I don’t rightly know what this has to do with anything. But for me it has to do with everything.
He dragged his grip up the stairs, we called them grips in the ’40s, and I, his daughter, followed close behind. He was returning home after several weeks in Havana, and I was so happy to see him that I was barely distracted by the stream of epithets that poured from his mouth. He always talked that way. That might be an explanation for why my hair still stands on end. I anticipated a gift, some colorful souvenir from his travels. Maracas, shells to tie around my ankles when I danced. What matter that I did not dance. I was better at stomping.
Unshaven and very sunburned and very handsome, he smelled good, too. Cigarettes, the sweet-sour smell of ingested rum. I still have a picture of him with his cronies lounging over the bar at Sloppy Joe’s. He looks enormously happy.
He smashed his cigarette into a small china plate on the desk, my mother’s Wedgewood saucer on which she placed her dainty coffee cup at such times as my father had not used the plate for an ashtray.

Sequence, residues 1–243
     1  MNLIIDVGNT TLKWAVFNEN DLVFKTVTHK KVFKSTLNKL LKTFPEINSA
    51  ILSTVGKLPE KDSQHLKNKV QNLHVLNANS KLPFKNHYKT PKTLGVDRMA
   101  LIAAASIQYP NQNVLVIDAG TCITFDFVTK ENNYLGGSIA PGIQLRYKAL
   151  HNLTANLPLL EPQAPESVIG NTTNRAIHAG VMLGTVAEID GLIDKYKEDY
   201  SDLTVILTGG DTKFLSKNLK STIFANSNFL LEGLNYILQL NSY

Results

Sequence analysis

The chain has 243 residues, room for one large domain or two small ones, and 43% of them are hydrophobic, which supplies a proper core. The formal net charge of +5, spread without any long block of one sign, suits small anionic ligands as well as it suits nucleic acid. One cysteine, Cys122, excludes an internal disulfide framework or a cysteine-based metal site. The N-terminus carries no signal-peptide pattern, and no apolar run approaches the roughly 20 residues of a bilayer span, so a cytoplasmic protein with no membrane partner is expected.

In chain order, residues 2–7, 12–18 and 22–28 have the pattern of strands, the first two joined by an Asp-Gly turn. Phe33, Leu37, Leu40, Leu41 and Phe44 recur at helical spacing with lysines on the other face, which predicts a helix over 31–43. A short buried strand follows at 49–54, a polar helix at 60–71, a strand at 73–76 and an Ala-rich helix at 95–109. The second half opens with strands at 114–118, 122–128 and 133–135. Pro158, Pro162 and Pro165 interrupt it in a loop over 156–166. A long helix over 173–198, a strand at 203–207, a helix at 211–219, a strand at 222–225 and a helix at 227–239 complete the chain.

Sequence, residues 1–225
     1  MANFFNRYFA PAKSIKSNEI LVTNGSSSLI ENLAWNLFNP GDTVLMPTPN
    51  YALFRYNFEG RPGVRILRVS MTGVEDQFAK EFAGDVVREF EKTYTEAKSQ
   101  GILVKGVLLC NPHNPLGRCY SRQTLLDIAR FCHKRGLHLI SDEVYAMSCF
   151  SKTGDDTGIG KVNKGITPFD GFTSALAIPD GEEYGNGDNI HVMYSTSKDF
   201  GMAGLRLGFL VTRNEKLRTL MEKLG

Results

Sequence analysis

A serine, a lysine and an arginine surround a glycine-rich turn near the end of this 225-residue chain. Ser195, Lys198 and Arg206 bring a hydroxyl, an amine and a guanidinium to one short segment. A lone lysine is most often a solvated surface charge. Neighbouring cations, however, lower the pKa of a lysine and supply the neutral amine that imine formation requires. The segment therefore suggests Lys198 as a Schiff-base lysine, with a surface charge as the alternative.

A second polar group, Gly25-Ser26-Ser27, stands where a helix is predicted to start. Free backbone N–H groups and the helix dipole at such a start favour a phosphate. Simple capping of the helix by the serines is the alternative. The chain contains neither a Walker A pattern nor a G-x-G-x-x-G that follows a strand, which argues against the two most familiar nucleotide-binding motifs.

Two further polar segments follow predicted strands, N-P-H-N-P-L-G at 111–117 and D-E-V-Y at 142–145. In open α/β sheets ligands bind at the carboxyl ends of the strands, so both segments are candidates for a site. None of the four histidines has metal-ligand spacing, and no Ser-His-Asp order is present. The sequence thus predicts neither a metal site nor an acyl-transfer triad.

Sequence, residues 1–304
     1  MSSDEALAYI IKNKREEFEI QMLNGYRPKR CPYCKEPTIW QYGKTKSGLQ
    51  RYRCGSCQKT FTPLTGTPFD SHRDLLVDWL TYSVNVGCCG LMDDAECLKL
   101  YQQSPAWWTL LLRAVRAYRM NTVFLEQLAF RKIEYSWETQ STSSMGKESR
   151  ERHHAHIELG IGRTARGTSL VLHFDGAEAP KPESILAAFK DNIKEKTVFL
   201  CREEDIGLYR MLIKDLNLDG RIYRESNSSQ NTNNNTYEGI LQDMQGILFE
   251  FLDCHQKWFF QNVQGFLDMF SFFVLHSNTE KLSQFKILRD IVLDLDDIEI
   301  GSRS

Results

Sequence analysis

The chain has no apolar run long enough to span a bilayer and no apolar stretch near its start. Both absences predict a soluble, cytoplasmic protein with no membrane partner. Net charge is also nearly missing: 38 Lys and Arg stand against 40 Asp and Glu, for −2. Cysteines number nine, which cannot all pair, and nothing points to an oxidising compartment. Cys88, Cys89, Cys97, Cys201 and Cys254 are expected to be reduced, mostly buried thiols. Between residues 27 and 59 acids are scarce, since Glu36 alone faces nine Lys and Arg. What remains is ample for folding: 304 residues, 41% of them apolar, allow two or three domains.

He heaved the grip onto the chenille bedspread. Fumbling for the key to the tiny padlock that secured the suitcase called for yet more oaths. My father articulated. Big. He couldn’t find the key. Drown my puppy. Steal my chocolate. Put me in a dress. The guy knew how to get up my nose. Ah, all the while the key was in his pocket.
Zip ... one side ... zip ... two sides. I held my breath, craning to see.
The suitcase contained bottles of rum. Bacardi, a lot of it. No wonder he had such a hard time getting it up the stairs. Packed three deep with layers of socks, underwear and wrapping paper protecting them.
No present for me? Apparently not.
He offered me a cigar.
“I’m glad you’re home,” I whispered into his sleeve. And meant it.
There is no accounting for love.